FDA’s continued progress facilitating competition in the biologic marketplace with approval of 25th biosimilar product
Biological products play an increasingly central role in modern medicine, offering treatments for many serious illnesses. Commonly referred to as biologics, these medicines are generally made from natural or living sources, like animal and plant cells, and microorganisms such as bacteria or yeast, and developed using advanced science. They are usually more complex than other drugs and are particularly critical in the treatment of cancer and autoimmune conditions, such as rheumatoid arthritis, psoriasis and inflammatory bowel disease.
Historically, biologics lacked effective competition in the marketplace because there was no abbreviated FDA review pathway for bringing “follow-on” versions of biologics to market. That changed when Congress gave FDA the authority to implement an abbreviated approval pathway for biosimilar and interchangeable biological products in 2010. This pathway provides for the agency’s review and approval of biosimilar products, which may offer more access to treatments and lower costs for patients. A biosimilar product is highly similar to, and has no clinically meaningful differences from, an existing FDA-approved biologic product, called the reference product. Our ability to support a market for safe, effective biosimilar products is key for patients and our nation’s health care system.
FDA took another step to further foster biologics competition with the approval of Abrilada (adalimumab - afzb), a biosimilar to Humira. Today’s approval is one of nine new biosimilar products the FDA has taken action on in 2019, bringing the overall total of biosimilar approvals to 25. I’m pleased to see this progress and am confident that the market for these therapies will continue to grow. To date, 74 programs for 38 different reference products have been enrolled in our Biosimilar Product Development Program to discuss development of proposed biosimilar products or interchangeable products, laying the foundation for ongoing competition in the marketplace. Importantly, health care professionals and patients can be confident when using an FDA-approved biosimilar product.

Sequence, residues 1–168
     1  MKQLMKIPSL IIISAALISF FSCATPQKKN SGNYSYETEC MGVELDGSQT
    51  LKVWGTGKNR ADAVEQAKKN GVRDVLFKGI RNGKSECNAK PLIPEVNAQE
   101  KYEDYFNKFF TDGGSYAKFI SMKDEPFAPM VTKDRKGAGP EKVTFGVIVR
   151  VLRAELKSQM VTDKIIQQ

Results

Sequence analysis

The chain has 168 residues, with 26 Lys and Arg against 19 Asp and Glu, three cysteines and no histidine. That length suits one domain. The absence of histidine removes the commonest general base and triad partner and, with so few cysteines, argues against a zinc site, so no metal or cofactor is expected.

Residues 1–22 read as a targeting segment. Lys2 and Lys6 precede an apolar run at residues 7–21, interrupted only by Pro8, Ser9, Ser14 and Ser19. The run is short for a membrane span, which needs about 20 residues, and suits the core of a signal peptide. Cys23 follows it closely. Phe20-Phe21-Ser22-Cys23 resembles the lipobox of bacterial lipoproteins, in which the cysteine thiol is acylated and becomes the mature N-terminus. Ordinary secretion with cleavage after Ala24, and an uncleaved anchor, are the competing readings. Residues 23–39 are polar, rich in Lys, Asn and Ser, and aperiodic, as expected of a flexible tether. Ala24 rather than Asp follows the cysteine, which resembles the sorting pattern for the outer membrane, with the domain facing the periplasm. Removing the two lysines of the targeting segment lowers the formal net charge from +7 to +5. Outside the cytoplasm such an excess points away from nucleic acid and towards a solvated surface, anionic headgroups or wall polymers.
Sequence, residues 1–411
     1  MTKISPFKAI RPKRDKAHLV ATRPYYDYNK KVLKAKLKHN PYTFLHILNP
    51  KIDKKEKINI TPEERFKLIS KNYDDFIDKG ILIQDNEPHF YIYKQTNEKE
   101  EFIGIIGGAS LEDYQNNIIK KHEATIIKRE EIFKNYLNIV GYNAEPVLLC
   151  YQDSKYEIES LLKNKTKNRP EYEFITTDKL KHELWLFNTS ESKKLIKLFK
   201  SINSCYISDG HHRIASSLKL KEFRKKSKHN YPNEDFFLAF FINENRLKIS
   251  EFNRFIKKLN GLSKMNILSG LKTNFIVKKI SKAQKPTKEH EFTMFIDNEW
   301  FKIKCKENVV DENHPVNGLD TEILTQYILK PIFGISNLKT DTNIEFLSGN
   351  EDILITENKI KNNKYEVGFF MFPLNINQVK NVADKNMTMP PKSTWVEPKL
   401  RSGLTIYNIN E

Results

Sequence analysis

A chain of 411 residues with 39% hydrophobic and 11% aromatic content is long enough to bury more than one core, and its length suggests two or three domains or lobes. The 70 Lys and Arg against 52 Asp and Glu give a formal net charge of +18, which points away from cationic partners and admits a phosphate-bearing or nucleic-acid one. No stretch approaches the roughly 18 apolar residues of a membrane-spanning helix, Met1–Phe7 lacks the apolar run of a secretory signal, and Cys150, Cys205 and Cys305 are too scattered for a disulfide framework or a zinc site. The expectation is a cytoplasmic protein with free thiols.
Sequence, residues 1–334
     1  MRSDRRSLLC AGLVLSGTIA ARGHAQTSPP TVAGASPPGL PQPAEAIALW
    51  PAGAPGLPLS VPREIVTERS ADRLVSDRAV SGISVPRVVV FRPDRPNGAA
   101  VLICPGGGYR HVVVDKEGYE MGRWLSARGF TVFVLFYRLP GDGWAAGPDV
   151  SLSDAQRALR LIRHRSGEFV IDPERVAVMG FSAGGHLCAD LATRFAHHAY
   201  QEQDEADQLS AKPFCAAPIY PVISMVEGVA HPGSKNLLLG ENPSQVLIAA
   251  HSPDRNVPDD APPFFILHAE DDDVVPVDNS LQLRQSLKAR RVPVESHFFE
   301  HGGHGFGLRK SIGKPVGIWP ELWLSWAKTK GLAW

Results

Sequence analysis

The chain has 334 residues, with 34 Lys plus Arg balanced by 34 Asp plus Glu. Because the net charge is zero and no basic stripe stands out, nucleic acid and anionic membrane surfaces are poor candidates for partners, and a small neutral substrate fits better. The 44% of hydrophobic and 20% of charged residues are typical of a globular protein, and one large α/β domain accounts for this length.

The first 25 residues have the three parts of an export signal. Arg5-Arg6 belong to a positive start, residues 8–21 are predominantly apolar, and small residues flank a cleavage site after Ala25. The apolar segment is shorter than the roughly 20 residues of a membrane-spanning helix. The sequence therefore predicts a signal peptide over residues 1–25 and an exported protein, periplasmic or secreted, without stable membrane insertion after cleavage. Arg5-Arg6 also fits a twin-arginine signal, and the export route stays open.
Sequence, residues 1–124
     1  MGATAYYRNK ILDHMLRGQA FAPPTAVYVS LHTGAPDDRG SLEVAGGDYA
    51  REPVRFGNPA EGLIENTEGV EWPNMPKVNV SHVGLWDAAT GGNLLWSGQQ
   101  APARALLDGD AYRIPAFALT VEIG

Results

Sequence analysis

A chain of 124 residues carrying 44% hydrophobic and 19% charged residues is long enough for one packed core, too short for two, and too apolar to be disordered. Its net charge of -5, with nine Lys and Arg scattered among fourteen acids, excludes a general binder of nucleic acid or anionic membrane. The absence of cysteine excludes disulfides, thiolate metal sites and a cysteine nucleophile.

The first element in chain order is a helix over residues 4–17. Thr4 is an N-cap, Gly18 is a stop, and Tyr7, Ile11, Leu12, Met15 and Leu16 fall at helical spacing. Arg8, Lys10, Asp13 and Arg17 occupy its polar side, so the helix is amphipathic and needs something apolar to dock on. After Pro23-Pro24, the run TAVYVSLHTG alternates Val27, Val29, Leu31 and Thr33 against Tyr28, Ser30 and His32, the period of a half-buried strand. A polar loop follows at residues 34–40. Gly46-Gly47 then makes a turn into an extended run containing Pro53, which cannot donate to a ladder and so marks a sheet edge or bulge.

Biosimilar products approved by the FDA undergo a rigorous evaluation to determine that they meet the requirements for licensure and are manufactured under the same quality standards as brand name medicines.
This includes efforts to develop and implement new biosimilar-specific review templates and progress towards the development and validation of pharmacodynamic biomarkers tailored to biosimilar development.
Another important part of our work, at Congress’ direction, is facilitating the March 23, 2020, transition of approved marketing applications for biological products regulated under the Federal Food, Drug, and Cosmetic Act to be approved biologics license applications regulated under the Public Health Service Act (PHS Act). This means that these biological products, including products like insulin that are in great demand and have seen price increases, will be regulated under the PHS Act like other biological products and open to biosimilar competition. This, in turn, could lead to the development of more affordable biosimilar insulin products, including products that are interchangeable with branded insulins, without any compromise in safety and effectiveness.
The FDA held a public hearing on the development of biosimilar and interchangeable insulin products in May, and we are analyzing the comments we received from many different stakeholders, including those who are directly affected by the price of insulin and who would benefit from the impact of additional competition from biosimilar and interchangeable products. Our work in this area continues and is a high priority.
The promise of biosimilar and interchangeable biological products in providing increased access to important therapies is great, and the FDA will continue to do all that we can to facilitate competition in this area.